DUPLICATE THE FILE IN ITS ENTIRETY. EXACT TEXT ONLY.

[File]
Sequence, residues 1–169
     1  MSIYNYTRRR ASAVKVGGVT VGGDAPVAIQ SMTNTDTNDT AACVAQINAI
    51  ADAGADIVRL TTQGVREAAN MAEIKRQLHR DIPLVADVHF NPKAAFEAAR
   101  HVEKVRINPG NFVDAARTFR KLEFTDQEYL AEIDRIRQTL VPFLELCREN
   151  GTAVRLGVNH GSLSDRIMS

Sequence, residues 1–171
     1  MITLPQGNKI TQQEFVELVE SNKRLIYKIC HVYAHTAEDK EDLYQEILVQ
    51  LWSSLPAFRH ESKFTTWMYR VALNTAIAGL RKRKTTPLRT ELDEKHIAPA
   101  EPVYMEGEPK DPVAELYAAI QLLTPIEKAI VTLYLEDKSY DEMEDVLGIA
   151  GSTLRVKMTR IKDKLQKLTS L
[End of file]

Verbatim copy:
Sequence, residues 1–169
     1  MSIYNYTRRR ASAVKVGGVT VGGDAPVAIQ SMTNTDTNDT AACVAQINAI
    51  ADAGADIVRL TTQGVREAAN MAEIKRQLHR DIPLVADVHF NPKAAFEAAR
   101  HVEKVRINPG NFVDAARTFR KLEFTDQEYL AEIDRIRQTL VPFLELCREN
   151  GTAVRLGVNH GSLSDRIMS

Sequence, residues 1–171
     1  MITLPQGNKI TQQEFVELVE SNKRLIYKIC HVYAHTAEDK EDLYQEILVQ
    51  LWSSLPAFRH ESKFTTWMYR VALNTAIAGL RKRKTTPLRT ELDEKHIAPA
   101  EPVYMEGEPK DPVAELYAAI QLLTPIEKAI VTLYLEDKSY DEMEDVLGIA
   151  GSTLRVKMTR IKDKLQKLTS L